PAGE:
Read Kokoro: Hints and Echoes of Japanese Inner Life by Lafcadio Hern Online

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This scarce antiquarian book is a facsimile reprint of the original Due to its age, it may contain imperfections such as marks, notations, marginalia and flawed pages Because we believe this work is culturally important, we have made it available as part of our commitment for protecting, preserving, and promoting the world s literature in affordable, high quality, modern editions that are true to the original work....

Title : Kokoro: Hints and Echoes of Japanese Inner Life
Author :
Rating :
ISBN : 0766102211
Format Type : Paperback
Language : English
Publisher : Kessinger Publishing, LLC Reprint edition May 31, 1942
Number of Pages : 396 pages
File Size : 981 KB
Status : Available For Download
Last checked : 21 Minutes ago!

Kokoro: Hints and Echoes of Japanese Inner Life Reviews

  • Alice Folkart
    2018-07-23 16:01

    Lafcadio Hearn lived in Japan in the Victorian era when it was opening to the Western world and going through great change and upheaval. He was a keen observer of the society and it's mind, often commenting on the barrier between Japanese and Western world view. Hearn switches between macro and micro view, first giving an overview of a political movement and its results, then examining the upbringing and development of a particular class of people. Hearn educates the reader on the historical grounding of the Japan we know today. Highly recommended. Clear, concise writing. Interesting subject.

  • Kindle Customer
    2018-07-21 16:19

    If you are interested in truly understanding the real Japan of the recent past and even today, then you have to read Hearn.

  • C. wadley
    2018-07-29 20:09

    Very dry.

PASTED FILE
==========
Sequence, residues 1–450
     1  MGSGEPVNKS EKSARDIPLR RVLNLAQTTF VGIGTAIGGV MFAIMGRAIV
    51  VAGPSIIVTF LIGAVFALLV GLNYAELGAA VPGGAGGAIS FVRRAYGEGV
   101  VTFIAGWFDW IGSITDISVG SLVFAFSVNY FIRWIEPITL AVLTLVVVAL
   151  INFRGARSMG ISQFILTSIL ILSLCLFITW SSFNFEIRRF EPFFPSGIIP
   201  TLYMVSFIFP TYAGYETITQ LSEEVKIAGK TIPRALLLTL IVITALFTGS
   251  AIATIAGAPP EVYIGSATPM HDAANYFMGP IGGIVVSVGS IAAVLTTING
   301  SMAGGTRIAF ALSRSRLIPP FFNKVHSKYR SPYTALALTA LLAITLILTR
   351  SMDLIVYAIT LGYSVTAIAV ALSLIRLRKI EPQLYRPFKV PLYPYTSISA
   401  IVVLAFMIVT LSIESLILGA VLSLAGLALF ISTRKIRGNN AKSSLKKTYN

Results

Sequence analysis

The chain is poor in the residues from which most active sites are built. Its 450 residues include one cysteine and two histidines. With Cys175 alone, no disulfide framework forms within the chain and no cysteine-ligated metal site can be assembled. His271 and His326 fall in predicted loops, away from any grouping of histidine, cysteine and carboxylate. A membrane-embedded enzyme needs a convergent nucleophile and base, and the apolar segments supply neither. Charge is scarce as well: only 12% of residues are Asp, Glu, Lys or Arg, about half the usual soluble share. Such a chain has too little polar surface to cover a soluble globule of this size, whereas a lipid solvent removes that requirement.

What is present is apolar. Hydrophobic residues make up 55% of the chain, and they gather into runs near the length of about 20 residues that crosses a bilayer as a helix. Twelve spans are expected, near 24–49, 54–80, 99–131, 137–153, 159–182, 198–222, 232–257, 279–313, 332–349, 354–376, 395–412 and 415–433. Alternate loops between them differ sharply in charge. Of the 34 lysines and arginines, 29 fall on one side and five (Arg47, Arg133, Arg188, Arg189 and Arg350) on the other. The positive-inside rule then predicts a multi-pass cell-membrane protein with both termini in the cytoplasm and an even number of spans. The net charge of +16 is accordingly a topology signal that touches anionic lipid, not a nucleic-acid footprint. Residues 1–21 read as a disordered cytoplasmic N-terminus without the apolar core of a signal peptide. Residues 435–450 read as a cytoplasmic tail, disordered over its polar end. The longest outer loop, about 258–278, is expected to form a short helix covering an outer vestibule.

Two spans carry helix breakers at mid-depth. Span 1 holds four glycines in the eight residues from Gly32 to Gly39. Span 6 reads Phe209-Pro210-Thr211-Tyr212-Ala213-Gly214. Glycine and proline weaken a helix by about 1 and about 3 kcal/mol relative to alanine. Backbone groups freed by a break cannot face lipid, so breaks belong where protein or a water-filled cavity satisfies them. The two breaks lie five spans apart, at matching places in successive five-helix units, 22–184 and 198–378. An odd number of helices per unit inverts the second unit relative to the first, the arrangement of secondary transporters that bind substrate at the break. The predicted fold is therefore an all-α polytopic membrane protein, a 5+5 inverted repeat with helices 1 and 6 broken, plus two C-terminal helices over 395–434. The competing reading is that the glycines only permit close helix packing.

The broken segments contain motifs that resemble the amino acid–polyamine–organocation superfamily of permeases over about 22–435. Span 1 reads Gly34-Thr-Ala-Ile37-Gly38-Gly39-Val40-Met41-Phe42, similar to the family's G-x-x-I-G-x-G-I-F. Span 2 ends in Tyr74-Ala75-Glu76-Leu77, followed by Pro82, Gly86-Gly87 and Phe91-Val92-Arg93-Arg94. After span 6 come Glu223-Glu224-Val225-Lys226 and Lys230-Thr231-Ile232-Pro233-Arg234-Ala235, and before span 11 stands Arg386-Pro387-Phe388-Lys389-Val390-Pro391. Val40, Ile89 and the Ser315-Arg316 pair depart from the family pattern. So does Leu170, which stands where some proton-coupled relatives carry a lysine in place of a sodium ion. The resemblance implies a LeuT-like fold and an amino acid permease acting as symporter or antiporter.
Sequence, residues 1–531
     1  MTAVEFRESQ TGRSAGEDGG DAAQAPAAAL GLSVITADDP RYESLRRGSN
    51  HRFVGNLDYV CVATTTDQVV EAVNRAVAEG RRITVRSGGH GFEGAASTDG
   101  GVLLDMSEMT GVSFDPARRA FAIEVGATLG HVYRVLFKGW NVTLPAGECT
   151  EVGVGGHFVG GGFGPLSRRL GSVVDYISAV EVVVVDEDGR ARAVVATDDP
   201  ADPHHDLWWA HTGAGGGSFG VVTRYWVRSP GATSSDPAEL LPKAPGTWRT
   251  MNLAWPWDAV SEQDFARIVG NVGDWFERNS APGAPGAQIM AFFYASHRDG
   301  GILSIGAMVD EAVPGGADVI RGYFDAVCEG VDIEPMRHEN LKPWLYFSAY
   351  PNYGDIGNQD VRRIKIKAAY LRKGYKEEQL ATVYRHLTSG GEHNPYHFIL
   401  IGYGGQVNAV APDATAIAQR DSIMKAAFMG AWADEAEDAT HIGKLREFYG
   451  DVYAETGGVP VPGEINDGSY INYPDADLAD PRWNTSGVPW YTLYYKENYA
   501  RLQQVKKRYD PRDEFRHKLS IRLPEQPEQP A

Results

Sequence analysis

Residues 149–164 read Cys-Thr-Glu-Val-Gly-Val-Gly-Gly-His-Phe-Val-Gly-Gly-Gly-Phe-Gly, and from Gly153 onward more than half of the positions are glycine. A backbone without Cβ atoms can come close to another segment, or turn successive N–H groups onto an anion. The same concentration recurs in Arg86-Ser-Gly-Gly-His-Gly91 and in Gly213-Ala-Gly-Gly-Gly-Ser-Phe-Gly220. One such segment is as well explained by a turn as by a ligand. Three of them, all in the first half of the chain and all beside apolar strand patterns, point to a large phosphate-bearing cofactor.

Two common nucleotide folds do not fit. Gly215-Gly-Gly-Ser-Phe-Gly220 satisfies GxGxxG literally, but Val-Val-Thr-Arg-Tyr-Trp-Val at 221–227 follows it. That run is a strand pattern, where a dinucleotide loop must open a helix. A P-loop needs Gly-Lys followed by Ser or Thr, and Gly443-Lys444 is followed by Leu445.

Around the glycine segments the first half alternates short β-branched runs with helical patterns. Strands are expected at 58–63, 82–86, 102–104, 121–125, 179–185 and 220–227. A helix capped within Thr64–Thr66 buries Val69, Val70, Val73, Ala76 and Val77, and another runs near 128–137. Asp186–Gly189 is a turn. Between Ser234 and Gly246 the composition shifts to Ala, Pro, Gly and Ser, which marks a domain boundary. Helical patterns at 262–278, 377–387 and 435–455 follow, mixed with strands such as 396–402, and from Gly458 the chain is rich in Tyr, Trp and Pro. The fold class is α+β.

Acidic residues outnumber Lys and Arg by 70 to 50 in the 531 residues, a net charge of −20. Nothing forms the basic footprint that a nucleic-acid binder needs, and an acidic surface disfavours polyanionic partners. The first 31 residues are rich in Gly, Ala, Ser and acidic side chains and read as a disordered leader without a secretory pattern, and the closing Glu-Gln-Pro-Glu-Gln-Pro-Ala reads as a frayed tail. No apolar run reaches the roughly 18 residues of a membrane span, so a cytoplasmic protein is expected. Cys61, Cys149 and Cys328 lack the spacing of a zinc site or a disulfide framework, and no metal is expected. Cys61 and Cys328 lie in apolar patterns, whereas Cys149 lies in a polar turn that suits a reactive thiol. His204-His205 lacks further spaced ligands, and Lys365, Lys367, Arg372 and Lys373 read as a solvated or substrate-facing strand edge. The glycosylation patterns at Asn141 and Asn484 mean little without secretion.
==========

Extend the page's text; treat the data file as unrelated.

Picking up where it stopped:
• Zack Davisson
    2018-07-17 18:07

    "Kokoro" is a difficult word to translate from Japanese to English. Heart, Spirit, Way of Being...it is all of these things. Rather than attempt a direct translation, Lafcadio Hearn offers a selection of stories focusing on Japanese inner life, so that by the end you will understand kokoro.

  • Crazy Fox
    2018-08-12 17:12

    Not to be confused with Natsume Soseki's novel by the same title, Lafcadio Hearn's "Kokoro" is a magnificent collection of essays, vignettes, memoirs, and meditations on Japan in the 1890's. Very much a product of the mid-Meiji period, these masterfully-written little literary pieces are nonetheless timeless. Each piece is quite different from the rest, and yet almost all of them manage to start from everyday incidents or obvious observations and gradually spiral inwards to some deeply moving and startling insight into Japanese attitudes, values, and worldviews; more than once this seemingly methodless method allows Hearn to share with the reader certain common opinions and normal spiritual orientations held by average Japanese folks--the kinds of things usually taken for granted and so unarticulated, hence least amenable to documentation and scholarship (especially of the time, but even today). And Hearn does all this with an unpretentious erudition and an understated and balanced sympathy for his subject that, along with his literary flair for wonderfully clear and flowing prose, places his writings here in a category far above the rest. With him we can find none of the unintentional strains of condescension and orientalism so typical of folklore and religious anthropology, for while he's looking with the surprised gaze of the outsider with one eye, his other eye is that of the insider feeling very much at home where he is. The resulting view is visionary--but in subdued and shadowy tones.

  • Zack Davisson
    2018-07-24 21:12

    "Kokoro" is a difficult word to translate from Japanese to English. Heart, Spirit, Way of Being...it is all of these things. Rather than attempt a direct translation, Lafcadio Hearn offers a selection of stories focusing on Japanese inner life, so that by the end you will understand kokoro.

  • David Towns
    2018-08-05 18:11

    I actually found this book quite interesting. It was written in the 1800's and provides an most allegorical explanation of Japanese cultural history. Quite an enjoyable read and does indeed provide information that is useful to understanding this almost mystical,beautiful country.